The answer to this question will depend on your application. For an electrician, we can firmly say that the best drills are Bosch Hammer Drill, DeWalt DCH253N-XJ, Makita DHR242RMJ, Makita HR2630, and MPT 1500W Heavy Duty Rotary Hammer Drill. These are the SDS drills that we have researched and interviewed various professionals to ascertain the quality and performance. The selection includes both corded and cordless drills.
Which is the best between corded and cordless drills?
Corded hammer drills have a constant power source, a comparably higher torque, and last longer. If you are looking for a durable power drill, it’s best to go for the corded hammer drill. The cordless drills are versatile, compact, and convenient since you can use them off-grid. However, these cordless drills aren’t suitable for heavy workloads since they require battery recharge. In addition, some don’t come with the battery included, which means you will incur additional costs. However, the best cordless drill will serve you well.
What is the difference between SDS and hammer drills?
SDS refers to Slotted Drive Shaft, and these types of drills don’t differ from the hammer drill. So, SDS drills are a type of hammer drill. The only notable feature that can differ between the two is that SDS drills are more powerful than the standard hammer drills.
What is the difference between a rotary hammer and a hammer drill?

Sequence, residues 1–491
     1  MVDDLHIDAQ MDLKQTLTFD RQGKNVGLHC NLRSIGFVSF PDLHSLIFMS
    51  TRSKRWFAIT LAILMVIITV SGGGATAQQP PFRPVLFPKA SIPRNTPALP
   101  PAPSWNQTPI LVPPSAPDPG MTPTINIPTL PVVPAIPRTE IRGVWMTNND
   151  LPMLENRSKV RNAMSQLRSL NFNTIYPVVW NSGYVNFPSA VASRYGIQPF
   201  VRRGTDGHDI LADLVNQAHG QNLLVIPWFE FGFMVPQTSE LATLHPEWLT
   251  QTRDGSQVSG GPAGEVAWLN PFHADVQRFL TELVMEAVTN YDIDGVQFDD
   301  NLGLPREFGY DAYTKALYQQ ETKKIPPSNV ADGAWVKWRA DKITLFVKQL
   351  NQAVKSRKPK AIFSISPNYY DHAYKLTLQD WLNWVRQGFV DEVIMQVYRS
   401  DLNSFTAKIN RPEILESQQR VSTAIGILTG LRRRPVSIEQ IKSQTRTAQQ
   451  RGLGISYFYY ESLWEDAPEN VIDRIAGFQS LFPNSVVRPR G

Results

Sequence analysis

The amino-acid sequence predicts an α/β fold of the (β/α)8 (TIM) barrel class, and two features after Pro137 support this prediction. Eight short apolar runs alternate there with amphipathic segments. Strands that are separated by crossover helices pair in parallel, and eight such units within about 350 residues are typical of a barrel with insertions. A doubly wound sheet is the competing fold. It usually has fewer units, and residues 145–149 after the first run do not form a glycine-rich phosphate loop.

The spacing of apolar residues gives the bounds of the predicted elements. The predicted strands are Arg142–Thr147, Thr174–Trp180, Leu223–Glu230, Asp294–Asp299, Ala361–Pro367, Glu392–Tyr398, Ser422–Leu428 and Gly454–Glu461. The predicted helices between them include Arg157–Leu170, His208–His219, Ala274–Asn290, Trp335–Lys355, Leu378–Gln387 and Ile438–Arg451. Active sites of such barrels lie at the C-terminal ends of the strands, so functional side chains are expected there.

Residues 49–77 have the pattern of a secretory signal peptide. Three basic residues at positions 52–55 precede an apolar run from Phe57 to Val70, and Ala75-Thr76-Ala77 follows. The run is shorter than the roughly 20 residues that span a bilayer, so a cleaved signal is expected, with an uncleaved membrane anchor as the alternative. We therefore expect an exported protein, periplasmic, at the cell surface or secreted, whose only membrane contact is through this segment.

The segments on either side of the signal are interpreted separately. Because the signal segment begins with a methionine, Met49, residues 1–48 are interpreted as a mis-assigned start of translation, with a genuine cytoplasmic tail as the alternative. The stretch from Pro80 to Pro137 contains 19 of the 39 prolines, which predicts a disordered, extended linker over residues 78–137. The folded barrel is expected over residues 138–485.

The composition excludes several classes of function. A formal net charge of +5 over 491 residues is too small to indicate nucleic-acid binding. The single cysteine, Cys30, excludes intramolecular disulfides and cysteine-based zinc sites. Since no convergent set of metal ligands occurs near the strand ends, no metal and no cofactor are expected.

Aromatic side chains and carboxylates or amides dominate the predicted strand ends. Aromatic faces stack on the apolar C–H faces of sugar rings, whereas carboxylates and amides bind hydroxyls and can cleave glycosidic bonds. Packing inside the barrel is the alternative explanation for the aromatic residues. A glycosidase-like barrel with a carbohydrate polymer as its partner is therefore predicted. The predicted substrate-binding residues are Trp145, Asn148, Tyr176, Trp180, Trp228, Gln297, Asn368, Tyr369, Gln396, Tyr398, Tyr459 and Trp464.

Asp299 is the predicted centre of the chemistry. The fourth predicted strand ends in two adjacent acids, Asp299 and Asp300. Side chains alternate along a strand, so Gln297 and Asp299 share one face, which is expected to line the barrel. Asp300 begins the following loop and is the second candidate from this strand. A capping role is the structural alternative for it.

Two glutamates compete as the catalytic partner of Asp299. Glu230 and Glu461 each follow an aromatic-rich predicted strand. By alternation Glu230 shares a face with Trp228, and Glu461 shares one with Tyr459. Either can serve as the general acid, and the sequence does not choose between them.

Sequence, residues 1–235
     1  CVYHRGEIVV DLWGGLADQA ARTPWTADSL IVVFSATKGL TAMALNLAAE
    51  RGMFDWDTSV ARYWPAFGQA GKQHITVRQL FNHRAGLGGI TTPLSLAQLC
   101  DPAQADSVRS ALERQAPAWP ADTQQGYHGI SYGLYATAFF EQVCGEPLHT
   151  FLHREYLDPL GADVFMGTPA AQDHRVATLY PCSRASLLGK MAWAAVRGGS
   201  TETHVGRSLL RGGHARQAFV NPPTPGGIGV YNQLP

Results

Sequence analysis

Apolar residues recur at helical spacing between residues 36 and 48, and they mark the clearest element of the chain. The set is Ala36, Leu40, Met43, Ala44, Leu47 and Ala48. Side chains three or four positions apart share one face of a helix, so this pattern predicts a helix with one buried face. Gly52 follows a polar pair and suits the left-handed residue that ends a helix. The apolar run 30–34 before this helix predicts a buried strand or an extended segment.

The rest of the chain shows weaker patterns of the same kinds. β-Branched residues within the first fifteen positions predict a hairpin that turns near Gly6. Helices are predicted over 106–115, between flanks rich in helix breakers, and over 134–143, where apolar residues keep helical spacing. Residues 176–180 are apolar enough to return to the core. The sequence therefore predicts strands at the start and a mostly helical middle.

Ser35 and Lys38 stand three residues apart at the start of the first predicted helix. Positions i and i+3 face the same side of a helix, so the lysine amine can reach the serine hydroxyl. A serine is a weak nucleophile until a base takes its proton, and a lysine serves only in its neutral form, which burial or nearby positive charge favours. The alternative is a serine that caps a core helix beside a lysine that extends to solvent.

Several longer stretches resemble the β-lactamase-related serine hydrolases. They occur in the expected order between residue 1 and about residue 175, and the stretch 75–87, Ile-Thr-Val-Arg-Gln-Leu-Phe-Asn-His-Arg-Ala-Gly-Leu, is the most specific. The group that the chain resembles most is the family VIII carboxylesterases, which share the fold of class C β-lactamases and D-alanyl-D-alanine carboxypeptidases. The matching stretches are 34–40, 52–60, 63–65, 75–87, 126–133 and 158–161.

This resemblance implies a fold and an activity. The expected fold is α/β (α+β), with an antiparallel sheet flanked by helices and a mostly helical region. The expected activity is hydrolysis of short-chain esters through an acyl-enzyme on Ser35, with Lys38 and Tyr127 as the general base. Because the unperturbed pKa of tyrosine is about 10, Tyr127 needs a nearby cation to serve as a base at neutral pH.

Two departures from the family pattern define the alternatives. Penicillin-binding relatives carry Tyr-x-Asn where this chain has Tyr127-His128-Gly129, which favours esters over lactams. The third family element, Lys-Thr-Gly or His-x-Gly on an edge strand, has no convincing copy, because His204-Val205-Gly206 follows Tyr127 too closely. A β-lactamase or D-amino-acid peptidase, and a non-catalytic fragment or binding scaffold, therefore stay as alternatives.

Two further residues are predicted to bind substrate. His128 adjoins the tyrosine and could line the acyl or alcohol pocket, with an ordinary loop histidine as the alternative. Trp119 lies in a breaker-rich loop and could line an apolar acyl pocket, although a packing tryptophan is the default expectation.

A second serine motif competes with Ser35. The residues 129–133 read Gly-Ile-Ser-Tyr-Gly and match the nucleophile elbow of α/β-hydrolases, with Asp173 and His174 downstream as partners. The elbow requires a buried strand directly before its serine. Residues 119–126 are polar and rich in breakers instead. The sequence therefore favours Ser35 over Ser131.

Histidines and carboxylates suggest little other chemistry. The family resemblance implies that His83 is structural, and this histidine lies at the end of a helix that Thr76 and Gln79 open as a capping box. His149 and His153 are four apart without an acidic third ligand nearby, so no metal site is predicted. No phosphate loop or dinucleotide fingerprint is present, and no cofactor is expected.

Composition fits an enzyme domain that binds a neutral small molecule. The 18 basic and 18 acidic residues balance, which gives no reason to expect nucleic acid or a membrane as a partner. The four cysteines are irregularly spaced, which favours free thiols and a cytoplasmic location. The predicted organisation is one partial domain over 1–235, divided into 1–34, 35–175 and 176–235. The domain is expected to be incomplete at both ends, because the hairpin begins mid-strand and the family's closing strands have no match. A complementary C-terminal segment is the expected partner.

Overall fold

The difference between these two types of drills comes in how they work. While a rotary hammer pounds away with a lot of force to drill, the hammer drill vibrates on the surface as it drills it. In addition, the rotary hammer is more powerful than the two as it can beat about five times less than a high-tech hammer drill. It uses a drive piston that pumps a flying piston by air pressure.
What are the safety precautions in using hammer drills?
Hammer drills are power tools that require safety precautions to protect you and the drill itself. Therefore, it will be best to put on your protective eye gear, stand on both feet when drilling, hold the hammer drill by its insulated grip, and ensure the bit you are using isn’t worn out or broken. In addition, you should keep your working area clean and don’t touch the drill bit before it cools down.
Hammer drills are necessary for electricians to make holes when installing various boxes and other applications. However, it would be best to have a light but equally, powerful drill to get the job done. In addition, depending on your worksite, you need either a corded drill or a cordless one but with long battery life.
Rather than having to scour the internet looking for a suitable drill, we have compiled this review of the best hammer drills for electricians. The information provided by this article was gathered through extensive research and interviews with professionals. In the end, if you use this information to compare the best hammer drills, you will save time and find a powerful tool that won’t disappoint you.